Histopathologically, the cyst is lined by true epidermis composed of layers of stratified squamous epithelium and contains keratinous material.

The treatment is the excision of the cyst with intact capsule along with the cyst wall. Recurrence of the cyst is possible if the proper precautions are not taken while excising it surgically in toto.


  Conclusion Top


Keratin cyst is a rare cause of eyelid mass because eyelid is not the usual location of the cyst. Surgical excision of the cyst with intact capsule is the treatment of choice as there is a least chance of recurrence.

Declaration of patient consent

The authors certify that they have obtained all appropriate patient consent forms. In the form the patient(s) has/have given his/her/their consent for his/her/their images and other clinical information to be reported in the journal. The patients understand that their names and initials will not be published and due efforts will be made to conceal their identity, but anonymity cannot be guaranteed.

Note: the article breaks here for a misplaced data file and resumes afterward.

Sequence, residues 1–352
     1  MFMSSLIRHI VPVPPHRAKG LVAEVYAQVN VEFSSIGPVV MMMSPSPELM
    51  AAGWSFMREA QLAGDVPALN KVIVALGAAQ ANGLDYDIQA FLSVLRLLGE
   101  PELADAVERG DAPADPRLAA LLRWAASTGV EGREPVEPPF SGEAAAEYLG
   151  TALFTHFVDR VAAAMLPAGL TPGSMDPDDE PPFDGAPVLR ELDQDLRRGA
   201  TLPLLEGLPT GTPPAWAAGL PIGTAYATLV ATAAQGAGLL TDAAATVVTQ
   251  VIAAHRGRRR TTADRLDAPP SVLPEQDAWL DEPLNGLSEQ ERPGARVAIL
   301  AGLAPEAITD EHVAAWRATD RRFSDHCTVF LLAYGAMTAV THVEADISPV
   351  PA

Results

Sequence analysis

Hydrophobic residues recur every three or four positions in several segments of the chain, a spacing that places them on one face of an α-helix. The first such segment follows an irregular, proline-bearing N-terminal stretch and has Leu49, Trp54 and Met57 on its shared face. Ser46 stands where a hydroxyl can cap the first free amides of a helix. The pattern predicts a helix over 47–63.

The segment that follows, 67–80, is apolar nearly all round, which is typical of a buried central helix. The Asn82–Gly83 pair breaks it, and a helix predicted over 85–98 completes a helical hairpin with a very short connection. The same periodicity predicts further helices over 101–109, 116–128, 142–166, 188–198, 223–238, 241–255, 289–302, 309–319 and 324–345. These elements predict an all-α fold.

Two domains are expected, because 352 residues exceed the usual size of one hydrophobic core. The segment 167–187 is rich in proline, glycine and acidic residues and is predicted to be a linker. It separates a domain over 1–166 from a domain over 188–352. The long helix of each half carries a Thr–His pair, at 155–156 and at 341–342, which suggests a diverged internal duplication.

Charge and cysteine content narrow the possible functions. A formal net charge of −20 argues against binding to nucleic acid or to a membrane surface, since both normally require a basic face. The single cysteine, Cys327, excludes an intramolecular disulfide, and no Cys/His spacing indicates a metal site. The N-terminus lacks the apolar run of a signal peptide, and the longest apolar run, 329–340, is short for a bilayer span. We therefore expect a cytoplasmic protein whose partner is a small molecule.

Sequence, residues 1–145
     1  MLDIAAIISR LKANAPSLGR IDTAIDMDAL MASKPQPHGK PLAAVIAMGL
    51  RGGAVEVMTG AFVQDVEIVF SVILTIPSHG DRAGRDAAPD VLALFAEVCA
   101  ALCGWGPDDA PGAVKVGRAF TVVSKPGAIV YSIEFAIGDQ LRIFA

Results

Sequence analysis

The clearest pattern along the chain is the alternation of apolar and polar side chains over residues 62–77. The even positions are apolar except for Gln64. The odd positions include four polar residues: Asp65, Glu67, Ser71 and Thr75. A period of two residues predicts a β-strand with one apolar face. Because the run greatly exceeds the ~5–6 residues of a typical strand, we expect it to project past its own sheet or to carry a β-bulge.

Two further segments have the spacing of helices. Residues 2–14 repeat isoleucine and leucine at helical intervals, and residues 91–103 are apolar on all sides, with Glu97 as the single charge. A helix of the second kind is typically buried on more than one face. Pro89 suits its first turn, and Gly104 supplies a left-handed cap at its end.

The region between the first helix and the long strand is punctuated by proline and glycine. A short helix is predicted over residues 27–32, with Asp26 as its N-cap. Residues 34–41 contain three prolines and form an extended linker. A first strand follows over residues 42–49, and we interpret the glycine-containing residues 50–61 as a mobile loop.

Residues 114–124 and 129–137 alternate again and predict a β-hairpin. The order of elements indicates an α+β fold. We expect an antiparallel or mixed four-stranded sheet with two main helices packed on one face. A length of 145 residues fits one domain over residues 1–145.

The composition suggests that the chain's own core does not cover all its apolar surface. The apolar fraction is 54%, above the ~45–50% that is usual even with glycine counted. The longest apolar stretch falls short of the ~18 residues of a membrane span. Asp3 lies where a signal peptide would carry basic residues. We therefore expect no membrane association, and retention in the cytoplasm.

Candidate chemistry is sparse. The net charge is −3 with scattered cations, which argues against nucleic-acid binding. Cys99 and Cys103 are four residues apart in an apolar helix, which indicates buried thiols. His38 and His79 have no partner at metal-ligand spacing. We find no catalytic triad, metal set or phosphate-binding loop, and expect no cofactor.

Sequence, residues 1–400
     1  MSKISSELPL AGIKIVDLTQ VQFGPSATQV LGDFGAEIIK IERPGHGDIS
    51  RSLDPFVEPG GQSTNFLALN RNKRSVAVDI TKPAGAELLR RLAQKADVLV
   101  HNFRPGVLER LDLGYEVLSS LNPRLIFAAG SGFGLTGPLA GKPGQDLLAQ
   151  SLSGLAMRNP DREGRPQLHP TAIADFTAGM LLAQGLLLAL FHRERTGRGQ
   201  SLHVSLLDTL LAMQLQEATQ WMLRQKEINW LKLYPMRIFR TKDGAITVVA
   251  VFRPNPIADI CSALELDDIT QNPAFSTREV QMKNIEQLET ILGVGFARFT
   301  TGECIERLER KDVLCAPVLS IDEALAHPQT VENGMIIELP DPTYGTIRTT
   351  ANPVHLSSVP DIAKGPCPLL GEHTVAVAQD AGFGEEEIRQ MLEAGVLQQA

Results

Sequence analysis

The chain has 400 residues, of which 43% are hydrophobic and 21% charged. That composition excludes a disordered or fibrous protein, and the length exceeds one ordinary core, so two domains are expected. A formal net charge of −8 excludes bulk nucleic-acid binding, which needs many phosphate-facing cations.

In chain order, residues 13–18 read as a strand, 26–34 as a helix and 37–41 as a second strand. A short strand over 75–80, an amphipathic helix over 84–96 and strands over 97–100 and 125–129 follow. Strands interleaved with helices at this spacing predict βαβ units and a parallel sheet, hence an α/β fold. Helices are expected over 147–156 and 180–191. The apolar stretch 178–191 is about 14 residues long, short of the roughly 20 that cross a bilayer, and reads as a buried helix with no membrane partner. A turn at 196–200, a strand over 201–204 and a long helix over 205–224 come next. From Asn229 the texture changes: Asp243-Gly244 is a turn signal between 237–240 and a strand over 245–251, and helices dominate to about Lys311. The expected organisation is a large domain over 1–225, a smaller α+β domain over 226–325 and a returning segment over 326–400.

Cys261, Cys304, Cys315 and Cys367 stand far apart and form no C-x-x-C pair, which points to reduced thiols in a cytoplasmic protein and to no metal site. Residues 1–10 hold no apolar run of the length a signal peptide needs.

Financial support and sponsorship

Nil.

Conflicts of interest

There are no conflicts of interest.

 
  References Top

1.
Braun-Falco O. Dermatology. Berlin, Germany: Springer; 2000. p. 1423-40.  Back to cited text no. 1
    
2.
Shields JA, Bakewell B, Augsburger JJ, Donoso LA, Bernardino V. Space-occupying orbital masses in children. A review of 250 consecutive biopsies. Ophthalmology 1986;93:379-84.  Back to cited text no. 2
    
3.
Kronish JW, Sneed SR, Tse DT. Epidermal cysts of the eyelid. Arch Ophthalmol 1988;106:270.  Back to cited text no. 3
    
4.
Behera M, Panja M. Epidermal cyst of upper eyelid: A case report with literature review. J Clin Exp Ophthalmol 2016;7:597.  Back to cited text no. 4
    
5.
Yanoff M, Duker JS. Ophthalmology. 3rd ed. Elsevier Health Sciences; 2009. p. 1424.  Back to cited text no. 5
    
6.
Majumdar M, Khandelwal R, Wilkinson A. Giant epidermal cyst of the tarsal plate. Indian J Ophthalmol 2012;60:211-3.  Back to cited text no. 6
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    Figures

  [Figure 1], [Figure 2], [Figure 3]